Mastercard Foundation Releases Explosive Report on African Secondary Education

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The 4th Industrial Revolution has been hastened by the COVID-19 pandemic. The effects of the scourge have forced organizations to adopt remote learning and working tools at a scale never seen on this planet.

In its quest to add value to the human development of Africans, Mastercard Foundation embarked on extensive research projects that have been aggregated into one super report entitled, “Secondary Education in Africa: Preparing Youth for the Future of Work”.

For most young Africans, secondary education is the last schooling they will receive before entering the workforce. High quality, relevant secondary education that is accessible to all, can prepare youth to enter the workforce, improve productivity, and spur economic transformation, unlocking a virtuous cycle of both human and economic development.

Building on the success of African governments in expanding access to primary education, opening the door to quality, relevant secondary education is the next challenge. Now is the time to rethink secondary education systems, to ensure youth have the skills and knowledge they need.

Secondary Education in Africa: Preparing Youth for the Future of Work examines the skills, knowledge, and competencies necessary for the labour market. And offers best practices and recommendations for how secondary education can better prepare youth to succeed.

Upon compiling a laundry list of problems faced by African secondary school goers, the researchers did a good job at proposing possible solutions. The 10 recommended actions from the report are:

1. Provide political vision and leadership at the highest levels to support and prioritize investments and policies to reform and innovate in secondary education.

That includes:

  • Invest in creating a shared vision and buy-in to system reforms that expand the focus on skills for work in secondary education and responds to the needs of young people and their communities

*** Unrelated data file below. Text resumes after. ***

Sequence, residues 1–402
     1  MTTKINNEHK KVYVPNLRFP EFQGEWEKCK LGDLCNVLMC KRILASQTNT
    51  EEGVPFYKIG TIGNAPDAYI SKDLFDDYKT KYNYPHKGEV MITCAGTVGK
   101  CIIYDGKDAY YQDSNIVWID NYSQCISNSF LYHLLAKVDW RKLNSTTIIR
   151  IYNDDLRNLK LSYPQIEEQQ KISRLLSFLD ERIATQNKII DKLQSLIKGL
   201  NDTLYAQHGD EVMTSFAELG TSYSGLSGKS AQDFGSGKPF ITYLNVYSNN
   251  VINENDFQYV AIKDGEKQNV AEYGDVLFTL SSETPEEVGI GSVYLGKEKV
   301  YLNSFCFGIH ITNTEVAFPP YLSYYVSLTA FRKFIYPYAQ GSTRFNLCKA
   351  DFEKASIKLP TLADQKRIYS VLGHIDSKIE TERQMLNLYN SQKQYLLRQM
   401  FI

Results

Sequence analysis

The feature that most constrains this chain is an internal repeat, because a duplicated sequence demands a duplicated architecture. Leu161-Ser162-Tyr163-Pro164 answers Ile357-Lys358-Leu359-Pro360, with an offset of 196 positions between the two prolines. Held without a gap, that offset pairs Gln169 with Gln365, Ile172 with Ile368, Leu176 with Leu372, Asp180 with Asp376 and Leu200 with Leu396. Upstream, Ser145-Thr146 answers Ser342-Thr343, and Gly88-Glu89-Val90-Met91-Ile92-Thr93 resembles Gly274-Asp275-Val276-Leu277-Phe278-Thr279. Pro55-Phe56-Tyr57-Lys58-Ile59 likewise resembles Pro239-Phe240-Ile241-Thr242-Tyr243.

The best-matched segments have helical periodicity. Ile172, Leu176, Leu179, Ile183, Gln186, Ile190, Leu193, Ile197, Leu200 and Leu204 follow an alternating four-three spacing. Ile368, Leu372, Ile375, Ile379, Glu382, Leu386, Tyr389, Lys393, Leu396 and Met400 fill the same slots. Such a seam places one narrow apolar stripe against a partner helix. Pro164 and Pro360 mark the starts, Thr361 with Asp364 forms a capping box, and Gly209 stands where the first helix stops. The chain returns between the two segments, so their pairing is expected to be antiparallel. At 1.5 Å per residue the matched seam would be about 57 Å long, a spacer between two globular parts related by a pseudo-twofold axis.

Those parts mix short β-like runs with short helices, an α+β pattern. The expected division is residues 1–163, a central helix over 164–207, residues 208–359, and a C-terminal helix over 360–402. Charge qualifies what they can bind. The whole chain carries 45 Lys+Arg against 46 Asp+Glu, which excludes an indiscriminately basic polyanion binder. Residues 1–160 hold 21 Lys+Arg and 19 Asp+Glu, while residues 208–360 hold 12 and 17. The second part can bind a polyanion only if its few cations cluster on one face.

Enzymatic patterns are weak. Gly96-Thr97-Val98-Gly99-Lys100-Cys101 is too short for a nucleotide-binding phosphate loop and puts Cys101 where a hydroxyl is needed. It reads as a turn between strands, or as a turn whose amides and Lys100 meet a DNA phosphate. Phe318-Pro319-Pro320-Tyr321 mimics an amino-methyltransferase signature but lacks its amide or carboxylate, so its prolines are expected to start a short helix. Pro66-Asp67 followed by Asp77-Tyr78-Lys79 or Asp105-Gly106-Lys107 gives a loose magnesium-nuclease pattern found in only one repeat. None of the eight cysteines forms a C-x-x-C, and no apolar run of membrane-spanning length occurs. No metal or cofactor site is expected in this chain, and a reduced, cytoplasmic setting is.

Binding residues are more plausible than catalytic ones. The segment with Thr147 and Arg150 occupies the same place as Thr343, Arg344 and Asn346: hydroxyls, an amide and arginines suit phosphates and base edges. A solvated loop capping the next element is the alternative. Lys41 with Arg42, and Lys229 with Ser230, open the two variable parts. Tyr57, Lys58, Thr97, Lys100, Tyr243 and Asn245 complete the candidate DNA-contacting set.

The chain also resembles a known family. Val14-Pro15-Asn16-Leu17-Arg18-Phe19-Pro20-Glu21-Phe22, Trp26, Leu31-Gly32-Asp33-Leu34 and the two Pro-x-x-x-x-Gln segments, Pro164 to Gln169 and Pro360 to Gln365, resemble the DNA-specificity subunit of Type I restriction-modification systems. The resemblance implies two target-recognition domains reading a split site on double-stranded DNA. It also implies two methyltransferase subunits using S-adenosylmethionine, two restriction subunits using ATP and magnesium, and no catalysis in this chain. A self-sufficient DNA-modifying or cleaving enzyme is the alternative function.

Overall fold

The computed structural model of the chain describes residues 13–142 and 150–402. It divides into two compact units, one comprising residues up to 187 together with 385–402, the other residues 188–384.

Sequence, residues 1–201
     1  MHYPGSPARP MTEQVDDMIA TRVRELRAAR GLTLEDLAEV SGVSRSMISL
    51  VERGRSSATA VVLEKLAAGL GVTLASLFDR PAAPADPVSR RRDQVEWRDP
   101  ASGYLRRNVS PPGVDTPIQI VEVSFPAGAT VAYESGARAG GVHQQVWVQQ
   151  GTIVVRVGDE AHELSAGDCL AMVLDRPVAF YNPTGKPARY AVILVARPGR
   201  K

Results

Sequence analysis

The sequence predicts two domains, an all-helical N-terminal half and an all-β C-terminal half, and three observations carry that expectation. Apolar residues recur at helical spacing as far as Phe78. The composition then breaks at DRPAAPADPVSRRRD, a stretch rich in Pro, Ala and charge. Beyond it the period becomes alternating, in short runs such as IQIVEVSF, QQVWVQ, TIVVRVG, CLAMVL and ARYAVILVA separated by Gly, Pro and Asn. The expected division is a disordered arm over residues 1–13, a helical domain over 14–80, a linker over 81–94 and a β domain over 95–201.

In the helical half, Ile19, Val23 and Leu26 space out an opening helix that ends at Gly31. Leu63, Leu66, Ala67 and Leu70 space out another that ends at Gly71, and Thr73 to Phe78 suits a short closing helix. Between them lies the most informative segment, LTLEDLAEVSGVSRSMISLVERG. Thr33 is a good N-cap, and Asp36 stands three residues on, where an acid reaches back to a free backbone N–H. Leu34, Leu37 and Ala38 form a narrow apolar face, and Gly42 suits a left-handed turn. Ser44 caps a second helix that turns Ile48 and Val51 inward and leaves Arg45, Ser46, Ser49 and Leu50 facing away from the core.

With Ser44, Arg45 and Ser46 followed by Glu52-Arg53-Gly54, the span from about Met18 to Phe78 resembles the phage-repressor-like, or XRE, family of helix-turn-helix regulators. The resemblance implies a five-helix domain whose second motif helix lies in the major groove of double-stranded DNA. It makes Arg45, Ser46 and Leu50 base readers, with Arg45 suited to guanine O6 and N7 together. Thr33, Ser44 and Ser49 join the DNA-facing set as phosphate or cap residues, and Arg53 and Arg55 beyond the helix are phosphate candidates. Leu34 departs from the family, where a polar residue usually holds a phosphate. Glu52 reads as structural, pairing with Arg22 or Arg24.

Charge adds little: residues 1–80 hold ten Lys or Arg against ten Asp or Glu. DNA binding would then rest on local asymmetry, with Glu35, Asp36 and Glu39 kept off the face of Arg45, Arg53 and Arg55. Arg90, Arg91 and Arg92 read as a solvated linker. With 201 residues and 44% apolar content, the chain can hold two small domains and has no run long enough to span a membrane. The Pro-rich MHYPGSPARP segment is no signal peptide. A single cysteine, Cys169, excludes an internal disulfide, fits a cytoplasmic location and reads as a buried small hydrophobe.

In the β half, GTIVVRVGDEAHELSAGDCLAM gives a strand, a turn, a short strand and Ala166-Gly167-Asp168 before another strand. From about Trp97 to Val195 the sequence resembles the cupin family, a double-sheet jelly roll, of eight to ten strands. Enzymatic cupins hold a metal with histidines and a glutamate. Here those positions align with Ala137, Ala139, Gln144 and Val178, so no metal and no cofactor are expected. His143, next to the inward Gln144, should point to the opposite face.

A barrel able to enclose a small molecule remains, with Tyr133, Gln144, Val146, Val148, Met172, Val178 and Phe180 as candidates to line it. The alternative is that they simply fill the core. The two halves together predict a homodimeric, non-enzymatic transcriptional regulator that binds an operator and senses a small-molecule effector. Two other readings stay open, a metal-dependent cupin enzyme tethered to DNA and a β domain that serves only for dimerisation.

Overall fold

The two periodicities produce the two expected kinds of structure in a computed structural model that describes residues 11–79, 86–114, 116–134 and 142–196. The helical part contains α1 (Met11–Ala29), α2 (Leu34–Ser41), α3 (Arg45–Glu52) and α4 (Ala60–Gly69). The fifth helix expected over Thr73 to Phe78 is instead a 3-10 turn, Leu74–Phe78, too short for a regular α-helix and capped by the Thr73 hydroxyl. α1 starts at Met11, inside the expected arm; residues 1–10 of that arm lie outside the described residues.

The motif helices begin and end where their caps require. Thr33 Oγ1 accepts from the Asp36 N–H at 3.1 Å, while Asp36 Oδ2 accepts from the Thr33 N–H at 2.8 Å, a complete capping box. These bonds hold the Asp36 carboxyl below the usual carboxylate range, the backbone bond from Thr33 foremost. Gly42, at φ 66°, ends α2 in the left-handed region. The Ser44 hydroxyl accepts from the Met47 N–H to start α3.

• Enable implementation through viable plans with clear roles and responsibilities for specific outcomes, accountability mechanisms, and adequate funding
  • Strengthen the capacity of ministries to translate inputs into outcomes through greater technical expertise, the ability to use and analyse data, and to overcome political economy constraints.

2. Integrate seven key skills relevant to labour market needs into secondary education curricula and pedagogy.

Specifically:

  • Strengthen foundational skills in literacy, numeracy and fluency in the language of instruction through greater curriculum time, stronger pedagogies, and remediation support where necessary
  • Develop 21st-century skills through interactive and group-based learning, experiential learning, and leadership development
  • Develop digital skills by strengthening teacher and student capacity to use digital technology and invest in hardware and software at school level
  • Strengthen STEM knowledge and skills through enhancing the quality of science teaching, increasing practical problem-solving activities, and reducing gender barriers
  • Expand opportunities for developing relevant technical and vocational skills through offering TVET courses in general secondary education, ensuring
  • TVET courses include foundational, 21st-century and digital skills and aligning technical and vocational courses to labour market needs
  • Promote entrepreneurship and work-readiness skills through co- and/or extracurricular courses, experiential learning and skills courses in business planning and management, financial literacy, and work-readiness
  • Ensure alignment between competency-based curriculum reforms, pedagogy and assessment systems, including reducing the number of high-stakes examinations, greater focus on assessment of skills, and conducting national assessments of learning to support teachers and schools falling behind.

3. Expand recruitment and training to fill projected gaps (10.8 million secondary school teachers by 2030). That will require a huge expansion in teacher recruitment and training while also improving teachers’ working conditions to attract good-quality new entrants and reduce attrition.

In addition:

  • Invest in high-quality pre-service teacher training that equips new teachers with subject matter content, pedagogical skills and fluency in the language of instruction, as well as supervised practice with experienced teachers
  • Develop stronger promotion and leadership pathways for high-performing teachers that allow them to provide instructional leadership and mentor junior colleagues
  • Institute certification programs for unqualified teachers using face-to-face and distance learning approaches
  • Prioritize digital skills development for all teachers